Which is why I thank God for Comparethemarket.com (1). Not a planner in sight here (although I'm sure the IPA paper will say different). I think the creative director might have been sleeping on the job too - who let that clanging pun out the door? - but it's a home run. It doesn't sound like anyone else. It knows what it wants you to do. It's interesting. You might tell a mate about it. And it works - the meerkat has 396,121 more Facebook friends than I do. You think about comparing prices, who do you think of first?
I want to stay on the up, and beer brands often have some confidence, but iBanter from Cobra (4) makes it hard. You're supposed to hold your iPhone over your mouth - it then tells jokes on your behalf. Sorry, but what current or potential Cobra drinker wants to telegraph the fact they don't have any jokes of their own? Anyway, it's all by-the-by - I downloaded it and it doesn't work. 2.5 stars on the app store. Enough said.
Finally, a trailer for Britain's Forgotten Children on Channel 4 (6). 4Creative is consistently brilliant at elevating programmes into big statements about the stance of the Channel 4 brand. This is more of the same - simple message, simple visual idea, and great music. Good old-fashioned TV, it's refreshingly confident and direct.
It's a recession. Most of us are in the shit. Someone rather annoyingly tossed all the media balls into the air when we weren't looking. This isn't the time to go all nicey nicey. Could everyone stop blubbing and show some bollocks?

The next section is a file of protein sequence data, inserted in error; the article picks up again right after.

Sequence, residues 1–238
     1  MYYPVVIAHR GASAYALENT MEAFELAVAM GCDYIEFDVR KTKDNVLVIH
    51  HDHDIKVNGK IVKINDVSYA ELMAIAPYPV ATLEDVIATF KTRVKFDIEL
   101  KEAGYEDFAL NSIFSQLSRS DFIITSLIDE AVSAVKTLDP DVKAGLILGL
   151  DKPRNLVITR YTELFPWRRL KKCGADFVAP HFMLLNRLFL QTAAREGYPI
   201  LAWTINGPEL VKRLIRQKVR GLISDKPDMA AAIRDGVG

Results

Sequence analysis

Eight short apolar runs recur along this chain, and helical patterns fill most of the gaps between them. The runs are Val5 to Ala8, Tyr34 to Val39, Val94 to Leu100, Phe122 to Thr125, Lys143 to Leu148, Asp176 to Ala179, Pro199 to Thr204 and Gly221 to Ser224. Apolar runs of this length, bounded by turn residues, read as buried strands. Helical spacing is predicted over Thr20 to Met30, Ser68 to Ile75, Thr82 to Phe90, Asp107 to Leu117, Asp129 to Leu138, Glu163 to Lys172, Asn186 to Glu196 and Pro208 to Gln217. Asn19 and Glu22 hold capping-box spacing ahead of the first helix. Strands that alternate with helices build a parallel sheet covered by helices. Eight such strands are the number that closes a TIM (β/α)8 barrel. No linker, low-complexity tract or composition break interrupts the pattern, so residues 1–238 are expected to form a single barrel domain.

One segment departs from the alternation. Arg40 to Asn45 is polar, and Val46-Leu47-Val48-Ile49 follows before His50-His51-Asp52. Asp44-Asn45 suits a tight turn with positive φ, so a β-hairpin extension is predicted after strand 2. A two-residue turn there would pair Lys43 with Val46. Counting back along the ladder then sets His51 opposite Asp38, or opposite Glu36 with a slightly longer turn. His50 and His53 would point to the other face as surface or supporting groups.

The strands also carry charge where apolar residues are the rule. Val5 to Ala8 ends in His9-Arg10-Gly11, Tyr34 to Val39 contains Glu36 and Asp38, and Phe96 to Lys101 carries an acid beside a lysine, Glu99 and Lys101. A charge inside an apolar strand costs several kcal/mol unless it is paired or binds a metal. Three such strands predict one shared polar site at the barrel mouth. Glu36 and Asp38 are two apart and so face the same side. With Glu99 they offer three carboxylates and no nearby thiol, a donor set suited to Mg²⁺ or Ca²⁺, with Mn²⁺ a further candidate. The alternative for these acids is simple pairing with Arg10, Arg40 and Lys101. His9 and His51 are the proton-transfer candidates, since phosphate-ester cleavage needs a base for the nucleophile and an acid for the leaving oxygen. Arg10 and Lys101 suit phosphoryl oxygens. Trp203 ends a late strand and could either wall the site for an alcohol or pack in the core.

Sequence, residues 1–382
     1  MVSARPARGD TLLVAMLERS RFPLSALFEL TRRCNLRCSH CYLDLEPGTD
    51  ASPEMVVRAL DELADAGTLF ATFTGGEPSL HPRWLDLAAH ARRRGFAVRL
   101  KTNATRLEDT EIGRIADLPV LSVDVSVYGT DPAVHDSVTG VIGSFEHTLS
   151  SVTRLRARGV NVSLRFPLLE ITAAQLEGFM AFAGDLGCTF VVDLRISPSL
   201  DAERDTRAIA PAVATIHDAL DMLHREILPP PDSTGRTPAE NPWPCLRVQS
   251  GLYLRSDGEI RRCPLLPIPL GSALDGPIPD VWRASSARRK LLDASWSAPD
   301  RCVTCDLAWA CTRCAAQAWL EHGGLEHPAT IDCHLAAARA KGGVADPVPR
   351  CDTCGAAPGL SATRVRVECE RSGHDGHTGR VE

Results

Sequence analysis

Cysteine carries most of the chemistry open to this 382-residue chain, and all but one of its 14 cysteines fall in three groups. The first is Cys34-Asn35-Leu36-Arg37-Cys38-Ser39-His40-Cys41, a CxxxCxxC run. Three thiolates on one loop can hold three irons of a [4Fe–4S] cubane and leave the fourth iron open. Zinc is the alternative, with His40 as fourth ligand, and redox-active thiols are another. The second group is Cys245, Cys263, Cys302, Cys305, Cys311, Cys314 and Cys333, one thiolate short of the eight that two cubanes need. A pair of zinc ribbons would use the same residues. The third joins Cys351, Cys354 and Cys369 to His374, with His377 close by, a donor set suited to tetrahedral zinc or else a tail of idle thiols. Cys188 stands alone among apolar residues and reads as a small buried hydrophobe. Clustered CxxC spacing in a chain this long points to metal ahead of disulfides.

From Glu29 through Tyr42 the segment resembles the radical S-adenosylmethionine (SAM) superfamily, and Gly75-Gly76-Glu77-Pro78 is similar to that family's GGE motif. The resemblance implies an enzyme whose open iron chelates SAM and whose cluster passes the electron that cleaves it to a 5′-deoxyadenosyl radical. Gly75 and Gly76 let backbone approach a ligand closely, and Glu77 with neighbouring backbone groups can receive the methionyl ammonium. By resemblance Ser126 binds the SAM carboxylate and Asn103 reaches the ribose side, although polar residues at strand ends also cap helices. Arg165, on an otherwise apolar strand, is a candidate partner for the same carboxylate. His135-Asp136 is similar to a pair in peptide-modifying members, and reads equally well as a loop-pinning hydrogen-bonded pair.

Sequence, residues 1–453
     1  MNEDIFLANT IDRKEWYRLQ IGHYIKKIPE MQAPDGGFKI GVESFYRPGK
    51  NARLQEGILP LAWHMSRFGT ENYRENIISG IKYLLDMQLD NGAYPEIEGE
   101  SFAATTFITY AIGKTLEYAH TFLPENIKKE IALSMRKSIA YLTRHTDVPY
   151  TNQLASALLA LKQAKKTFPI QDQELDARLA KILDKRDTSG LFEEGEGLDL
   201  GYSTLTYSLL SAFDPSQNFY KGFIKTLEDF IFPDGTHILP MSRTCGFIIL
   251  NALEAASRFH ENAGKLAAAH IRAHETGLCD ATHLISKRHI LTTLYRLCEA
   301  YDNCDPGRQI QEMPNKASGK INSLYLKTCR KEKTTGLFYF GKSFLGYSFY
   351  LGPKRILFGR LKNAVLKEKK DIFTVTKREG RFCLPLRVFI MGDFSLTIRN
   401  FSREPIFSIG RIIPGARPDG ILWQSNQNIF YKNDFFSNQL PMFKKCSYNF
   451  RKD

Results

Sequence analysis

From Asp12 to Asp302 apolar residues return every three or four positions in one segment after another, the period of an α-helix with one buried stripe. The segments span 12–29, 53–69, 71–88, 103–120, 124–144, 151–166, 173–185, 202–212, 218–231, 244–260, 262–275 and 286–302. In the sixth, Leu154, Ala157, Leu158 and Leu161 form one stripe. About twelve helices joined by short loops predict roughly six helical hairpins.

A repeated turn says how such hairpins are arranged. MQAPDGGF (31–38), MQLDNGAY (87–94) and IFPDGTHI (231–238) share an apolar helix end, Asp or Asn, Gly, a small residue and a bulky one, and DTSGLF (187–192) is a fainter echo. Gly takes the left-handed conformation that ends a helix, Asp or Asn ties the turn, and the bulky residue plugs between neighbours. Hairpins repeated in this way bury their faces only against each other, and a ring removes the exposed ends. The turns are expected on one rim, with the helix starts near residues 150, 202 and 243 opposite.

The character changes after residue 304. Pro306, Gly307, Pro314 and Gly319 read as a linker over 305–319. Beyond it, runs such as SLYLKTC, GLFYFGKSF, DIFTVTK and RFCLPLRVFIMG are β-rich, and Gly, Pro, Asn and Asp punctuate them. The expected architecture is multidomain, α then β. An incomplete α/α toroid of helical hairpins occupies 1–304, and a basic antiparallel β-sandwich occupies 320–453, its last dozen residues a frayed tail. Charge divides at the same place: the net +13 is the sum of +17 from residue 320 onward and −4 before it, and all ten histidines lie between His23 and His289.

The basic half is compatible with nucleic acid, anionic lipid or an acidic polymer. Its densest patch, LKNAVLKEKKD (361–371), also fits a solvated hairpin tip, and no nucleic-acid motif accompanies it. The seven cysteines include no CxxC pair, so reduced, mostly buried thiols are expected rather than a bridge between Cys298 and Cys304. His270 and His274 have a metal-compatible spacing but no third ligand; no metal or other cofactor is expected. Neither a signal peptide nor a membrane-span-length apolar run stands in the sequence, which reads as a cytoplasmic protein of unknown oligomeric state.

Brief: Continue to clear up the confusion between comparethemarket.com
Writers/art directors: Matt Lloyd, Rich Connell, Clem Woodward
Director: Darren Walsh
Production company: Passion Pictures
Exposure: TV, radio, online
Project: Take one small step
Client: Barclays Retail
Brief: Highlight some of the simple ways Barclays is helping its
customers manage their money better
Agency: Bartle Bogle Hegarty
Writer: Bill Hartley
Art director: Giles Hepworth
Director: Lynn Fox
Production company: Blink
3. WWF INTERNATIONAL
Client: Martin Atkin, director of external and media relations, WWF
Brief: Demonstrate that while other organisations focus on single
issues, WWF understands how everything is connected: from species, to
natural resources, to mankind
Agency: Ogilvy Advertising
Writer: Sue Higgs
Art director: Andy Bird
Exposure: TV, print, poster, mobile download
Clients: Adam Barriball, comms manager; Will Ghali, marketing director,
Brief: Show that Cobra has moved from Indian restaurants to pubs, bars
Writers: Sanderson Jones, Mark Restuccia, Dave Gibson, Matt Blaize, Joe
Bor, Ian Smith, Kent Valentine, Simon Felder, David Longley, Matt Tiller
Art directors: Simon Waterfall, Dom Baker
Exposure: iPhone app
Client: Sheila Mitchell, Change4Life, Department of Health
Brief: Educate parents about the negative health consequences of excess
body fat in children
Agency: M&C Saatchi
Writer: James Lowther
Art director: Bill Gallacher
Director: Graham Fink
Production company: Aardman Animation
Exposure: TV, press, outdoor, online
6. CHANNEL 4
Project: Britain's Forgotten Children
Client: Channel 4
Brief: Encourage attitudinal change among viewers
Writer/art director: Joseph Ernst
Director: Brett Foraker
Production company: The Mill
Exposure: Channel 4
This article was first published on Campaign